Five Actions for Supply Chain Leaders in 2021
Supply chain leaders need to take these five actions on behalf of their companies to improve operational efficiencies and advance better customer service in the coming year.
2020 showed the world the importance of supply chains having the agility to pivot in response to changes in demand and supply. Looking ahead to 2021, supply chain agility is just as critical to remain responsive and cost effective. That’s why supply chain executives need to make crucial adjustments to ensure their supply chains are agile and efficient in a volatile business climate.
Five Actions for 2021
1: Make data flow transparent among trading partners
The impact of the COVID-19 pandemic on supply chains pinpointed the need for supply chain visibility across the extended enterprise. Visibility allows your business to pivot in concert when responding to unforeseen demand and operational issues such as supply shortages or transportation delays. When supply chain leaders talk about needing enhanced supply chain visibility, they seek visibility into real-time information from their trading partners to support a responsive, agile supply chain. That visibility requires the ability to readily connect your trading partners, transform your data, establishing a single system of record with real-time data access. This enables easily accessible information that readily flows in both directions. The result? A transparent supply chain that paves the way for improved performance and more responsive customer service.
2: Digitizing processes for efficiencies
Supply chain transparency of digital data through integration enables real-time data flows allowing digitalization (digitized processes) to occur in areas such as purchasing, manufacturing, logistics, warehousing, and fulfillment. By adopting digitalization, companies can quickly adjust production schedules, reschedule deliveries, and reallocate inventories in response to changes. The benefit is a transformation that improves overall supply chain performance, supports efficiency gains, improves fill rates, reduces stockouts, provides costs savings, and promotes higher levels of customer service within an extended enterprise as well as enabling better decisions in real-time. Add in alerts and notifications to the right person for predetermined conditions and you become more efficient in responding to issues before problems impact your operations.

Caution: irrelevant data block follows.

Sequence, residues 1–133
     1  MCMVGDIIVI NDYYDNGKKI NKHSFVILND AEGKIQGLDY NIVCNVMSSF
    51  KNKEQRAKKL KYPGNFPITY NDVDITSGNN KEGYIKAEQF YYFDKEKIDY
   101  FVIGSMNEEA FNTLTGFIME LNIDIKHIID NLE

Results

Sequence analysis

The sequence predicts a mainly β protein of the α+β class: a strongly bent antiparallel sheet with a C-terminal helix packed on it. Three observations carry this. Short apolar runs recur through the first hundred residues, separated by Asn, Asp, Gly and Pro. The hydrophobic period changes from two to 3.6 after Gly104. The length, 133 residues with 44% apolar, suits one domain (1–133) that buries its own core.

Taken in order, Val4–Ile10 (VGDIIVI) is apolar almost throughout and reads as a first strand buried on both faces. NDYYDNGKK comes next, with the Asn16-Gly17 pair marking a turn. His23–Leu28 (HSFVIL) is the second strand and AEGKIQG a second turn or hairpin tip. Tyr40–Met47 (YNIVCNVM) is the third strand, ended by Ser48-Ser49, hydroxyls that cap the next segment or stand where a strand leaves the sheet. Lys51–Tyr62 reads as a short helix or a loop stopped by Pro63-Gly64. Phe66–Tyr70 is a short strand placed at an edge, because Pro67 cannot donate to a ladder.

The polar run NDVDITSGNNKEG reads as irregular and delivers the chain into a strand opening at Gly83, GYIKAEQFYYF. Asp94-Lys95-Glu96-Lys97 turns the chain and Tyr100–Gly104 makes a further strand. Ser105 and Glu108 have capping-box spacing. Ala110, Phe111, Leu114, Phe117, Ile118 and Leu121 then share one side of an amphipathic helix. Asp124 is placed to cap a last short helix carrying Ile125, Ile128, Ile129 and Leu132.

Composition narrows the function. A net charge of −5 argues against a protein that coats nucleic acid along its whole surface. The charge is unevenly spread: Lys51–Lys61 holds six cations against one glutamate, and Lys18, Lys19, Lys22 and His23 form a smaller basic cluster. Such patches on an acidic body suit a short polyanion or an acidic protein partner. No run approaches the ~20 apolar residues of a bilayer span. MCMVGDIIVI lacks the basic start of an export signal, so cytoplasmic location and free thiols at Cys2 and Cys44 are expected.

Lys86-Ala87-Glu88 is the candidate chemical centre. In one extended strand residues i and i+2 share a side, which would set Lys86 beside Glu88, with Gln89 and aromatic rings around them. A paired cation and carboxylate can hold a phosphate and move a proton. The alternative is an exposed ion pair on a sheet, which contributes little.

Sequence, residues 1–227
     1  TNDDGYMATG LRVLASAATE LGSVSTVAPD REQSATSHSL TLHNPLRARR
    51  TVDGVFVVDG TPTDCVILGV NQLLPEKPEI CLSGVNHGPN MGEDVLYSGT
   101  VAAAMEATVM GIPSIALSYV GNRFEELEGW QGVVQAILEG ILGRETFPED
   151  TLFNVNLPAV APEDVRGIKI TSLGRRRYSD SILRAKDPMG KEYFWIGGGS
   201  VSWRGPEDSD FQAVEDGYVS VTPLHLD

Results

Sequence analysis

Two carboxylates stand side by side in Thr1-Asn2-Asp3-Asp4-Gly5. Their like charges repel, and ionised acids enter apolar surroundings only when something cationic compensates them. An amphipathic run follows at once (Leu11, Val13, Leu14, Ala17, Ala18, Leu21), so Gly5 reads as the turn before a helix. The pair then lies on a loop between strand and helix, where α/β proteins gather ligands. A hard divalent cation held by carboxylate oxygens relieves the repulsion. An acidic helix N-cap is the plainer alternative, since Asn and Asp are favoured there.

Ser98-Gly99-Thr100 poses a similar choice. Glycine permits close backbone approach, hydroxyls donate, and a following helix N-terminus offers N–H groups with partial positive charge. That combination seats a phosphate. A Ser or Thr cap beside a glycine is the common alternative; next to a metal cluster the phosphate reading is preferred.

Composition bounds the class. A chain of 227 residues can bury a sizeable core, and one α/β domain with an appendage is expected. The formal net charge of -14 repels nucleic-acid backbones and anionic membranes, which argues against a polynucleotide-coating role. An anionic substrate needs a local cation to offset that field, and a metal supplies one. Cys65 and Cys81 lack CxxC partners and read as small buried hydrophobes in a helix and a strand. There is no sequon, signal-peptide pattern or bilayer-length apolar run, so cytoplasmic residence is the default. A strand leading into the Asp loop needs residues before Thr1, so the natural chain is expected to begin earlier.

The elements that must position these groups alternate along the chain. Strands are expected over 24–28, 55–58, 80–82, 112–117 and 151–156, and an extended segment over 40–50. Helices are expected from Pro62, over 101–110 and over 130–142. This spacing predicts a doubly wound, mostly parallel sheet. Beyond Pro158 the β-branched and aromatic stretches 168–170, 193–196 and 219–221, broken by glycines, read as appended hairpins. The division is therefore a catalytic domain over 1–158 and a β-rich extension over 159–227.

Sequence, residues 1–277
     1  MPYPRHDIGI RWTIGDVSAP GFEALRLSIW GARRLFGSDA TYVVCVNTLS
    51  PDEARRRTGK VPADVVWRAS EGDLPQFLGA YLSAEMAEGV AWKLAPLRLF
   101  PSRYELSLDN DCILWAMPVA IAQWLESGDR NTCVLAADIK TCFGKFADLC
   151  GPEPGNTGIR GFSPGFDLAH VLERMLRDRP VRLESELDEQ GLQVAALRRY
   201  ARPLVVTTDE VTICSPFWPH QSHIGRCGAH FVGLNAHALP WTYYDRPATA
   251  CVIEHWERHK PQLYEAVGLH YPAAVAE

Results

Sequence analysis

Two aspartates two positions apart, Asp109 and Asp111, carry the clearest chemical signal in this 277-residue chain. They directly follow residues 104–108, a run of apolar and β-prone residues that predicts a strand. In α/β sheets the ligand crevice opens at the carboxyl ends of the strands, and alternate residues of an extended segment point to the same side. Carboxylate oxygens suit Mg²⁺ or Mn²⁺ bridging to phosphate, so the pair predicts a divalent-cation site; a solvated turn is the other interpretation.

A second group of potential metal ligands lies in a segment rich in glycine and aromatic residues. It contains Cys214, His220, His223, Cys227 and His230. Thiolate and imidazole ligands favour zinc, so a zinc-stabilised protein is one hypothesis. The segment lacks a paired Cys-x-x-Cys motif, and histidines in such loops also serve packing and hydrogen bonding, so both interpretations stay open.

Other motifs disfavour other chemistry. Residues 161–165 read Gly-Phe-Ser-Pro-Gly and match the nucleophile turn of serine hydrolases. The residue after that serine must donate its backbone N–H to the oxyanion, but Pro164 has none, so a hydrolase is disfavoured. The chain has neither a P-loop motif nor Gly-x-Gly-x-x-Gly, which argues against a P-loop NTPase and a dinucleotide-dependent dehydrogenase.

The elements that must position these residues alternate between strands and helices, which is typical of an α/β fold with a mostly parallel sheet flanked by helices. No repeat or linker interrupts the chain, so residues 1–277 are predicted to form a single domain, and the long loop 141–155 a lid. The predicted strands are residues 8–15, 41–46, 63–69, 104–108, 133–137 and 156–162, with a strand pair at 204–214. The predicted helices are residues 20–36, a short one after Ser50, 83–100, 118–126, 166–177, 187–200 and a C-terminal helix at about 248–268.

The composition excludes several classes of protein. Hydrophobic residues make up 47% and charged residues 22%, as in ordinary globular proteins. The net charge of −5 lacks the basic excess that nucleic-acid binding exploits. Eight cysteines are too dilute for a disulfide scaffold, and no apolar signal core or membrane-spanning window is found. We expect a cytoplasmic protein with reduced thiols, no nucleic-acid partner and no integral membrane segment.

3: Use predictive & prescriptive analytics to guide decision making
As companies share more information among trading partners, their data pools expand within the companies’ supply chain ecosystems Using this data with predictive analytics within an extended enterprise allows companies immediate access to the status of forecasts, orders, inventory, shipments, and other transactions to better plan and address out of tolerance events. Add in alerts and notifications to respond and to guide decisions to better respond to sudden demands, unexpected production issues, changes in supply, or transportation delays, and more and now you have more time to spend on more strategic activities.
Facilitated by a digital dashboard for easy-to-read information, predictive and prescriptive analytics allow you to focus on key activities having the highest impact on overall supply chain performance. For example, using key performance indicators (KPIs) you readily identify areas needing attention or requiring modifications. Using a range of prescribed actions through your established business rules or leveraging recommendations based on machine learning you grasp at a glance what’s taking place in your supply chain to make appropriate business decisions and drive optimal outcomes.
4: Leverage each supply chain node for the lowest “cost-to-serve” fulfillment
With rising online buyer expectations for faster delivery and better service, companies seek a balance between servicing higher order volumes with compressed order-to-delivery times while controlling fulfillment costs. By using transactional level details (such as order changes, SKU level demand patterns, or shipment lead times, etc.) along with analytics to study the tradeoffs, you determine which set of customers or trading partners can be served the most efficiently from a particular node in your supply chain.. In some cases, it may make more economical sense to drop-ship from a supplier or a third-party logistics provider’s location while, in others, a central distribution center or perhaps a forward stocking or local fulfillment depot is the answer.
5: Focus on the business “experience”
As the practice of using performance ratings spreads from business-to-consumer to business-to-business, manufacturers, suppliers, wholesalers, and retailers must now pay closer attention to providing a positive business experience. In the B2B environment, companies can expect to find themselves graded with business scorecards for meeting expectations and supply chain performance in such areas as offering the customer real-time inventory visibility, up-to-the-minute shipment status, and providing your own rapid fulfillment metrics or other pertinent KPIs. Without data flow transparency in the supply chain ecosystem and visibility of pertinent KPIs, companies won’t be able to provide the required business and customer experience or even know how they are performing in order to improve these metrics.
By taking the five actions presented, supply chain leaders ensure that their companies can leverage their supply chain as a competitive advantage while remaining agile and responsive. Activ Technologies offers a cloud-based, multi-enterprise platform that digitally transforms supply chain processes and presents a pathway for supply chain transformation.
Download Activ’s eBook, Your Roadmap to Supply Chain Digital Transformation.
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